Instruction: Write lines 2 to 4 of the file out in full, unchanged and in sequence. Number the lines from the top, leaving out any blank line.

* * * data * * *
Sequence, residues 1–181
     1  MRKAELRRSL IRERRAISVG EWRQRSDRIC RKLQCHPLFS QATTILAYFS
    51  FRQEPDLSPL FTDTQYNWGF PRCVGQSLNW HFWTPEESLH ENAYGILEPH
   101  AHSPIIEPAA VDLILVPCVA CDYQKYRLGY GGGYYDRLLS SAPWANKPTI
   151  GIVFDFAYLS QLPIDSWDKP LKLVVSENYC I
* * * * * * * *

     1  MRKAELRRSL IRERRAISVG EWRQRSDRIC RKLQCHPLFS QATTILAYFS
    51  FRQEPDLSPL FTDTQYNWGF PRCVGQSLNW HFWTPEESLH ENAYGILEPH
   101  AHSPIIEPAA VDLILVPCVA CDYQKYRLGY GGGYYDRLLS SAPWANKPTI